A panel of former Foreign Intelligence Surveillance Court judges yesterday told members of the Senate Judiciary Committee that President Bush did not act illegally when he created by executive order a wiretapping program conducted by the National Security Agency (NSA).
The five judges testifying before the committee said they could not speak specifically to the NSA listening program without being briefed on it, but that a Foreign Intelligence Surveillance Act does not override the president's constitutional authority to spy on suspected international agents under executive order.
"If a court refuses a FISA application and there is not sufficient time for the president to go to the court of review, the president can under executive order act unilaterally, which he is doing now," said Judge Allan Kornblum, magistrate judge of the U.S. District Court for the Northern District of Florida and an author of the 1978 FISA Act. "I think that the president would be remiss exercising his constitutional authority by giving all of that power over to a statute."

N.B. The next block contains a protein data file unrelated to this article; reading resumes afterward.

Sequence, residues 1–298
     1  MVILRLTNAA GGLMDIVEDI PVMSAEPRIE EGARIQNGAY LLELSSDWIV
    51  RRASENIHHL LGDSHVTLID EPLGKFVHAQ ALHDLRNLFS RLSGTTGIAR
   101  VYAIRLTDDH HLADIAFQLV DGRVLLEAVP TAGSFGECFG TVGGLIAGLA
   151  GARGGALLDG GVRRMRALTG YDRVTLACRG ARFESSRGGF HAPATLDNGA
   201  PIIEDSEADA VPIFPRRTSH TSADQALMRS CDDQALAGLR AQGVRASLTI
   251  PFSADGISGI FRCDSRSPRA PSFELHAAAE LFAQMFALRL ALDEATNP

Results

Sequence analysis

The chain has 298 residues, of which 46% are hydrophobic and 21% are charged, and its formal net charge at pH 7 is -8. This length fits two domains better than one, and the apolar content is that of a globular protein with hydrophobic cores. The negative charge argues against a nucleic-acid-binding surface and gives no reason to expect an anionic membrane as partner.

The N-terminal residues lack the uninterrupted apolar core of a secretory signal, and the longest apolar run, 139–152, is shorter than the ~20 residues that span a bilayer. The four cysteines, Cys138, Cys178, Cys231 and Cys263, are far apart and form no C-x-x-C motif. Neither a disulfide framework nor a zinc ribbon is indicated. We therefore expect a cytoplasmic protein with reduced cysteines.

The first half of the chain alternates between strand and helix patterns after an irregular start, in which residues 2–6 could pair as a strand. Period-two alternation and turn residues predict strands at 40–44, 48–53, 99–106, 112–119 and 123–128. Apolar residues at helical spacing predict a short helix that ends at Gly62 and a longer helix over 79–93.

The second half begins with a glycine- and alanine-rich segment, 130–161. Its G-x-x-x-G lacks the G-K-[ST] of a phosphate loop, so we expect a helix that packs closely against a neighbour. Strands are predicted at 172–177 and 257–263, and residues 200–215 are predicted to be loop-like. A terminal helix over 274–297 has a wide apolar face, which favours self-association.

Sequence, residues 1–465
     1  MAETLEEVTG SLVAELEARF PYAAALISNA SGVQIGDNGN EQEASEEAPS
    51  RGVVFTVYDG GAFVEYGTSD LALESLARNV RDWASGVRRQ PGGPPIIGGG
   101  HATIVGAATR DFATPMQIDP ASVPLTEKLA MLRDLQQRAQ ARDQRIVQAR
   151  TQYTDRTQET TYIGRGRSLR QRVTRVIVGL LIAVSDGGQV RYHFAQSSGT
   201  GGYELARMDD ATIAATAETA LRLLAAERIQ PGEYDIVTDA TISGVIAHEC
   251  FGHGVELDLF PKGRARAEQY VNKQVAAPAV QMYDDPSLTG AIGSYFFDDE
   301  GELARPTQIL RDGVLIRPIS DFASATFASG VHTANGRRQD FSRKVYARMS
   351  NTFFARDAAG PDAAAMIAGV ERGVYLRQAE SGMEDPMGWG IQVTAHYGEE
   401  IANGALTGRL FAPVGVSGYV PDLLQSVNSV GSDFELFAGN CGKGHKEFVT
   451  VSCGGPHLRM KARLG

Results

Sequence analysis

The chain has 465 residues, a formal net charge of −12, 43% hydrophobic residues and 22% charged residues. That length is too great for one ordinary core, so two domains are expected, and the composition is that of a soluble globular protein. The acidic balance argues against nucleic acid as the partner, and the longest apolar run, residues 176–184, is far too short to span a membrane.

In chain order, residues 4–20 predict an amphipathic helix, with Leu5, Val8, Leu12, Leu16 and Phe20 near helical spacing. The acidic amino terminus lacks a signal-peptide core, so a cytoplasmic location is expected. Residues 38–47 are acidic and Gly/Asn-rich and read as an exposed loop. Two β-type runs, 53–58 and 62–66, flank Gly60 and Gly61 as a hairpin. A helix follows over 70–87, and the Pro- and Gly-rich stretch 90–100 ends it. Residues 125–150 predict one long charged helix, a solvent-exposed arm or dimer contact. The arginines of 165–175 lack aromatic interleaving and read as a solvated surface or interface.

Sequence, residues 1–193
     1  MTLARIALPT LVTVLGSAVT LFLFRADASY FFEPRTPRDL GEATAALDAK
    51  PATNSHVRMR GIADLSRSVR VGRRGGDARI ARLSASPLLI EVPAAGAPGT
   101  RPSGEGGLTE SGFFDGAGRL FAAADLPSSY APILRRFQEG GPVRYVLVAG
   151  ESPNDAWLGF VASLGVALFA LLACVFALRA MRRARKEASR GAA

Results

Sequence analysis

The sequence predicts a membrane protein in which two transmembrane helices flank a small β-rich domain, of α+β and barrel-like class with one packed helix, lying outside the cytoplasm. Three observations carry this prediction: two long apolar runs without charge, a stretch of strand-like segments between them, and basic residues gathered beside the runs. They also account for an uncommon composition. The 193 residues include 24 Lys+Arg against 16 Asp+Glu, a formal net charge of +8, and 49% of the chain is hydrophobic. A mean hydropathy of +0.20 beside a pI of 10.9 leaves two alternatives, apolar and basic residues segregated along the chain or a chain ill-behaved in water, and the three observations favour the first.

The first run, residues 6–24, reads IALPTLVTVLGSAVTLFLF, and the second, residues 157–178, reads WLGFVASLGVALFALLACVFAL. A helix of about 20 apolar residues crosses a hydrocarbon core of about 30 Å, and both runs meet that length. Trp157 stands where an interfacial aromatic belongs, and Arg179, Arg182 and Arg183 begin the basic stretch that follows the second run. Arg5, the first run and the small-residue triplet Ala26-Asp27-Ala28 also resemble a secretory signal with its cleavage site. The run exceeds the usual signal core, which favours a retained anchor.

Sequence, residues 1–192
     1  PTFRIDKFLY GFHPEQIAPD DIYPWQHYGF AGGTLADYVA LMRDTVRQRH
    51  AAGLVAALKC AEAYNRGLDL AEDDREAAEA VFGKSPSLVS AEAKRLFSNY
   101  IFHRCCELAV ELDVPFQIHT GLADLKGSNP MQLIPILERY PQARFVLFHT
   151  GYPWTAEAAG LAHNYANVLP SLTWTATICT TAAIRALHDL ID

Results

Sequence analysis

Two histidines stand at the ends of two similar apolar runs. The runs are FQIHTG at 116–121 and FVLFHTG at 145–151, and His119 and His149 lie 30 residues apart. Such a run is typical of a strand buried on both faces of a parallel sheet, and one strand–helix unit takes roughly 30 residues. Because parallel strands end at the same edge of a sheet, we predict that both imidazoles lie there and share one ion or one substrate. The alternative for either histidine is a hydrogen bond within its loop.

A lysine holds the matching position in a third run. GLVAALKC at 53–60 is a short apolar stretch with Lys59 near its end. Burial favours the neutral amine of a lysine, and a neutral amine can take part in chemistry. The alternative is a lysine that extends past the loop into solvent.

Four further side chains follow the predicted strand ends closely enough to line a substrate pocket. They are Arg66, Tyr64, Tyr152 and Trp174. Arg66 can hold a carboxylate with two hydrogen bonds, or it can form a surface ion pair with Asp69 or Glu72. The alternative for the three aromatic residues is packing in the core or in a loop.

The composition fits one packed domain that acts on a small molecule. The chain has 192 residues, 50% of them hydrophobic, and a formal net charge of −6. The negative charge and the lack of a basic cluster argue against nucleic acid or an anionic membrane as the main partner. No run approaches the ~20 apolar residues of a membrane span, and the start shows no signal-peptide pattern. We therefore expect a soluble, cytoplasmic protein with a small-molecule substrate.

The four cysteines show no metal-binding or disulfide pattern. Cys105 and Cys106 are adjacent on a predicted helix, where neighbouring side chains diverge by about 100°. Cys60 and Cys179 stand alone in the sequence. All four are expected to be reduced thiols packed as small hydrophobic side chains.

The judges, however, said Mr. Bush's choice to ignore established law regarding foreign intelligence gathering was made "at his own peril," because ultimately he will have to answer to Congress and the Supreme Court if the surveillance was found not to be in the best interests of national security.
Judge Kornblum said before the 1978 FISA law, foreign surveillance was done by executive order and the law itself was altered by the orders of Presidents Ford, Carter and Reagan.